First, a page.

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Prev Med Rep. 2016 May 1;4:44-9. doi: 10.1016/j.pmedr.2016.04.010. eCollection 2016 Dec.

Physical activity pattern, cardiorespiratory fitness, and socioeconomic status in the SCAPIS pilot trial - A cross-sectional study.

Author information

1
Department of Molecular and Clinical Medicine, Institute of Medicine, Sahlgrenska Academy, University of Gothenburg, Sahlgrenska University Hospital/Östra, SE 416 85 Göteborg, Sweden.
2
Department of Food, Nutrition and Sports Science, Institute of Neuroscience and Physiology, Sahlgrenska Academy and, Sahlgrenska University Hospital/Östra, SE 416 85 Gothenburg, Sweden.
3
Åstrand Laboratory of Work Physiology, The Swedish School of Sport and Health Sciences, Lidingövägen 1, Box 5626, SE-114 86 Stockholm, Sweden.
4
Department of Molecular and Clinical Medicine, Institute of Medicine, Sahlgrenska Academy, University of Gothenburg, Sahlgrenska University Hospital/Östra, SE 416 85 Göteborg, Sweden; Sahlgrenska Centre for Cardiovascular and Metabolic Research, Wallenberg Laboratory, Sahlgrenska University Hospital, Bruna stråket 16, SE-413 45 Gothenburg, Sweden.

Abstract

Living in a low socioeconomic status (SES) area is associated with an increased risk of cardiovascular events and all-cause mortality. Previous studies have suggested a socioeconomic gradient in daily physical activity (PA), but have mainly relied on self-reported data, and individual rather than residential area SES. This study aimed to investigate the relationships between residential area SES, PA pattern, compliance with PA-recommendations and fitness in a Swedish middle-aged population, using objective measurements. We included 948 individuals from the SCAPIS pilot study (Gothenburg, Sweden, 2012, stratified for SES, 49% women, median age: 58 years), in three low and three high SES districts. Accelerometer data were summarized into intensity-specific categories: sedentary (SED), low (LIPA), and medium-to-vigorous PA (MVPA). Fitness was estimated by submaximal ergometer testing. Participants of low SES areas had a more adverse cardiovascular disease risk factor profile (smoking: 20% vs. 6%; diabetes: 9% vs. 3%; hypertension: 38% vs. 25%; obesity: 31% vs. 13%), and less frequently reached 150 min of MVPA per week (67% vs. 77%, odds ratio [OR] = 0.61; 95% confidence interval [95% CI] = 0.46-0.82), from 10-minute bouts (19% vs. 31%, OR = 0.53, 95% CI = 0.39-0.72). Individuals in low SES areas showed lower PA levels (mean cpm: 320 vs. 348) and daily average MVPA (29.9 vs. 35.5 min), and 12% lower fitness (25.1 vs. 28.5 mL × min(- 1) × kg(- 1)) than did those in high SES areas. Reduced PA and fitness levels may contribute to social inequalities in health, and should be a target for improved public health in low SES areas.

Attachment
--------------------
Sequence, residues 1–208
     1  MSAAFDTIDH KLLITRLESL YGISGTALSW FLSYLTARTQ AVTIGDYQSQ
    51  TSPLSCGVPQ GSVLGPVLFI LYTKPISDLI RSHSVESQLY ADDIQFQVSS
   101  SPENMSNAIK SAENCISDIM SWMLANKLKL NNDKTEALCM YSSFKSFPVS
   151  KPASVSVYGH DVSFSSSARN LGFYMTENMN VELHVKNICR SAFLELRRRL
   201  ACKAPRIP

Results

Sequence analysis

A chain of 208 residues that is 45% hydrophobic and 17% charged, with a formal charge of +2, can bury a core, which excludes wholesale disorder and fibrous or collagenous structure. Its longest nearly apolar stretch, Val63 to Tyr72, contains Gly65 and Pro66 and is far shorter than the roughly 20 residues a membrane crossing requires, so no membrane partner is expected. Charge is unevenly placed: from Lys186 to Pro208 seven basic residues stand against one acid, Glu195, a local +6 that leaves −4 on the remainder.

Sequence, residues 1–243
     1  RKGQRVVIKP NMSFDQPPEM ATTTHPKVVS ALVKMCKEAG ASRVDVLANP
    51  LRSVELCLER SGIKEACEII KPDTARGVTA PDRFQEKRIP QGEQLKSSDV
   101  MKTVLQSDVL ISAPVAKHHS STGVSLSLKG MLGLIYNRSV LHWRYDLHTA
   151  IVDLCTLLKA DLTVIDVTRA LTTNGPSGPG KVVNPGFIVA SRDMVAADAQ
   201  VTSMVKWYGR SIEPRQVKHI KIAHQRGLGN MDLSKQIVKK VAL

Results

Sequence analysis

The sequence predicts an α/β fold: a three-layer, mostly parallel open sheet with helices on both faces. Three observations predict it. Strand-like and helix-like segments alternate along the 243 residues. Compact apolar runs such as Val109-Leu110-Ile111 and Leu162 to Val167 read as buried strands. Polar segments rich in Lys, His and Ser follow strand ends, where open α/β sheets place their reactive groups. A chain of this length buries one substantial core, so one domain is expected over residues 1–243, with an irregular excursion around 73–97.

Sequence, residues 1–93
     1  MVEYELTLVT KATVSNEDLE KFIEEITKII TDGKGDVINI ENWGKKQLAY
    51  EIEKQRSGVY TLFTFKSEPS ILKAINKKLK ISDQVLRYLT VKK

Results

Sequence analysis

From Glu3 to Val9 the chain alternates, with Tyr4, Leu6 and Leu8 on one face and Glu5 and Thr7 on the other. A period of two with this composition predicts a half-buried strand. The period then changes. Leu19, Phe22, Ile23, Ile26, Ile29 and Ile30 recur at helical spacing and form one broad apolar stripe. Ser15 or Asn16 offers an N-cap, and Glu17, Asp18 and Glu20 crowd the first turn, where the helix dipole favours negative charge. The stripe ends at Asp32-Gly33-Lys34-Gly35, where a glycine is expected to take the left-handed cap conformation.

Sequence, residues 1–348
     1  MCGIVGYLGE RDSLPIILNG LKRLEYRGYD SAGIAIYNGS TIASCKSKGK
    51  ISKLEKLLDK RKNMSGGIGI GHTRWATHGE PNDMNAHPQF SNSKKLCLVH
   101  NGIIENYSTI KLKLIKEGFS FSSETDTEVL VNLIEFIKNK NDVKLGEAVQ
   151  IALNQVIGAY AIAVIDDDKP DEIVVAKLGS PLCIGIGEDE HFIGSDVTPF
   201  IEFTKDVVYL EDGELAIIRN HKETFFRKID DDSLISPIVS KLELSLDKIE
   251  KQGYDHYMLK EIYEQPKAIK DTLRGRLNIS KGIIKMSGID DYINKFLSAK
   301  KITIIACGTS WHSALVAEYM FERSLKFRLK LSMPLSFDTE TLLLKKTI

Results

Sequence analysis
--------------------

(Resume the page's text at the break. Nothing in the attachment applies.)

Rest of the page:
KEYWORDS:

Motor activity; Physical fitness; Social class

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